In the end, you can’t have your burger and eat it too. This comic seems to be on track to hold the fans over between episodes, without spoiling the main course that is the fifth season.
Image is at it again with some more anti-superhero status quo.
Courtesy of writer Jim Zub (Samurai Jack) and artist Steve Cummings (Pantheon High), we get Wayward. This Japan centered tale starts out more like a straightforward coming of age novel about a young girl, Rori Lane, who has moved to Japan to live with her mom, but the story makes a very Buffy sort of turn near the end of the first issue.
The art is very reflective of the culture the book is trying to represent, and the pacing is great. However, when the weird Ninja Turtle style bad guys show up, it feels a bit strange (even when considering that there are teenage girls fighting huge turtles). For some reason, you are left wishing that it was just a straight story without the supernatural aspects. However, this is only a first issue, and it does ask questions that desire answers.
Though, one can’t help but worry that there might be a Sucker Punch style twist to this whole thing at some point. In any case, it’s a reasonably good read and will likely flesh out in the coming issues.
Who loved Guardians in theaters? Are you fiending for more? Well, this is exactly what the galaxy combo team of Ed McGuinness (Superman/Batman) and Brian Bendis (Ultimate Spiderman) do for you with Guardians of the Galaxy #18! This over-the-top space opera is chalked full of big-action and summer blockbuster themes.
Though lacking the massive reveal as originally promised, this issue does feature Star-Lord, Nova (original) Drax and Thanos. Covering mysterious events that happened in the cancer-verse over 5 years ago, we are finally allotted the how’s on Peter (don’t call me Pratt) Quill and ole purple heads return.
Though better served as an annual allowing more page length and less “to be continued”, ish 18 does rank as the best issue of this new run– even if it has taken over a year and a half to get there. With exceptional pencils courtesy of McGuinness, ink by Mark Farmer and a color palette that’s blows off the page by Justin Ponsor, this issue is Marvel on crack!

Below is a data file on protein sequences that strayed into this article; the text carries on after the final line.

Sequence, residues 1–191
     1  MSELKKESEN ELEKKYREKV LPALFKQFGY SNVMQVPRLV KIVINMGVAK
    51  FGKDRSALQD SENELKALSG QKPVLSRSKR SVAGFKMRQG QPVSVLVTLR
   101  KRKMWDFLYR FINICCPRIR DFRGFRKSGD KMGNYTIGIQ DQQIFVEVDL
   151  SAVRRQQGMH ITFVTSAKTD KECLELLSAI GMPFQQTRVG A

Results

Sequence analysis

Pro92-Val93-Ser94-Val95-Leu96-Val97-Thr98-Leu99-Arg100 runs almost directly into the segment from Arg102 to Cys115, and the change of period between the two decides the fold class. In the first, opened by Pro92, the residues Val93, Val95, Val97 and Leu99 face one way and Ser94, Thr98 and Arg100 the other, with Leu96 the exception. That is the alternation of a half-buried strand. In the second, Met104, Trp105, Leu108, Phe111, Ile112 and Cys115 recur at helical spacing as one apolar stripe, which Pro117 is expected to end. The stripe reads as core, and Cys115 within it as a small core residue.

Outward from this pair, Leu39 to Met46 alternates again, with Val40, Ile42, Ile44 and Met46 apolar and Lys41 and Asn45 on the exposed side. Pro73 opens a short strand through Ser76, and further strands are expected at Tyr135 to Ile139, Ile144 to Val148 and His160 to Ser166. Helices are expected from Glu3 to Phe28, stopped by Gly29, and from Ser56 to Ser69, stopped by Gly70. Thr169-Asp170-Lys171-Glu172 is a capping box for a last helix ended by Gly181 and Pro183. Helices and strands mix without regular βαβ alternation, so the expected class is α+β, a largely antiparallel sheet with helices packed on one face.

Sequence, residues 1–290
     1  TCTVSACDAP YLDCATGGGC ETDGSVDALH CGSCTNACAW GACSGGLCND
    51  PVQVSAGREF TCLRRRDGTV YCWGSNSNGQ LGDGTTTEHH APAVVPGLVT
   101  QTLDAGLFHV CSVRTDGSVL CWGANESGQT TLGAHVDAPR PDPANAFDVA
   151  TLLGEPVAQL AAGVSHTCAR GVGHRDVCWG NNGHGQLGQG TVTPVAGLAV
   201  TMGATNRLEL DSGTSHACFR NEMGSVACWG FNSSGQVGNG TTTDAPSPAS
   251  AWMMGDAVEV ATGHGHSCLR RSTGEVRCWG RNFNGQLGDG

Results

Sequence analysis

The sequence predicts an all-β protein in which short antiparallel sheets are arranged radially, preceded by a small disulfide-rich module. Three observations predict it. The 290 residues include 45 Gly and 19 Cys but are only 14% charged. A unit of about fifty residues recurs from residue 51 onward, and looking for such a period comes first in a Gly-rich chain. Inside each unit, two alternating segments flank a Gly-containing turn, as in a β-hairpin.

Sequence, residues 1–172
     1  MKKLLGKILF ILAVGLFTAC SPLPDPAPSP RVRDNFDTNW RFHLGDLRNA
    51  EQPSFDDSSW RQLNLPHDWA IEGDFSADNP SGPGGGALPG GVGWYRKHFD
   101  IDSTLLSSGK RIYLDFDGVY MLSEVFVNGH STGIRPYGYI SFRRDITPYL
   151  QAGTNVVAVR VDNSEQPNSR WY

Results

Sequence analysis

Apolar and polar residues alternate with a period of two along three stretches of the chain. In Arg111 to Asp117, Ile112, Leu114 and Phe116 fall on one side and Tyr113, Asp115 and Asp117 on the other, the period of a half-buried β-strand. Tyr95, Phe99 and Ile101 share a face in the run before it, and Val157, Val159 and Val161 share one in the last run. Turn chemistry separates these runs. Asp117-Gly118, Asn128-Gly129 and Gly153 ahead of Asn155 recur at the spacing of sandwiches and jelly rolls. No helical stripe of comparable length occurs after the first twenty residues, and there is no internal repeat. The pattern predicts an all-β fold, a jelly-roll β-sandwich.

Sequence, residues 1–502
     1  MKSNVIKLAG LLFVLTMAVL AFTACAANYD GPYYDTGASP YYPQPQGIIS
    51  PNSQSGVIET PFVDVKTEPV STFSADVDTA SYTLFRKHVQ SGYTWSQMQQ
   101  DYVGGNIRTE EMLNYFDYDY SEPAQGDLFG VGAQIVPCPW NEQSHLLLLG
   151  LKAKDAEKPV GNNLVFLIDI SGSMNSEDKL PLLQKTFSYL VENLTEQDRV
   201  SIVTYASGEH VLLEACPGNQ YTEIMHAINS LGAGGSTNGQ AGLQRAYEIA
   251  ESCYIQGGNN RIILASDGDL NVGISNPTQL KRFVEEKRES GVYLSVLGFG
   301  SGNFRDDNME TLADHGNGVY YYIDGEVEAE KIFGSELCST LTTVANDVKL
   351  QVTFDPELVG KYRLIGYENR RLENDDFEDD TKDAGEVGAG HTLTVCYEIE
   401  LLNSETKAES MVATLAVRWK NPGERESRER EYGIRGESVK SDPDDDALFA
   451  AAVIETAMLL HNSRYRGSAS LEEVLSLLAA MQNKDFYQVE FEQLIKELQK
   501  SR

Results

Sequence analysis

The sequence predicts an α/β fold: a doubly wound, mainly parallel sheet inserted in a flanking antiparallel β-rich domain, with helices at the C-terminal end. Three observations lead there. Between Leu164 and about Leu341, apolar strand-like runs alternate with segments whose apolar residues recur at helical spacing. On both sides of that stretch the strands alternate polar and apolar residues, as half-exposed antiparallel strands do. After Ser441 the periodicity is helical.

What if the pop stars of today were manufactured in a facility?
Dark Horse’s Pop #1 depicts that universe created by writer Curt Pires (Theremin) and artist Jason Copland (RoboCop). It has a very Luc Besson Fifth Element feel to the beginning — which I liked — as the main character Elle, their new pop creation, escapes from the factory where our pop idols like Britney Spears have been born. She runs into a man named Coop, who helps her.
A sudden “cut to” to “Dustin Beaver,” another manufactured star from the facility getting his knee cap blown off. Talk about a silly and over-the-top but still interesting concept! This Priestess feels pop culture is being used to make something “interesting.”
Let’s face it: If superheroes did exist, the majority would probably end up in therapy. Crack open Dark Horse Comics’ Sundowners #1 by Tim Seeley (G.I. Joe) and Jim Terry (The Underneath), and that’s exactly the story we’re being told.
Four different superheroes gather during a session led by Dr. David “Shreds” Shrejic– all recounting the seemingly delusional stories from their past.
The book does a fantastic job of balancing humor with the plight of these seemingly delusional heroes. Jim Terry’s art perfectly suits the story, and it was a pleasure to look at, largely in part to Sean Dove’s colors. Towards the end of this issue is when things really start to get more interesting, completely shaking up the narrative that we had gotten used to. I can honestly say I was caught off guard. I’m highly anticipating the next issue, and to see what sort of strange and creepy rabbit hole the title goes down next! 4/5 Bibles.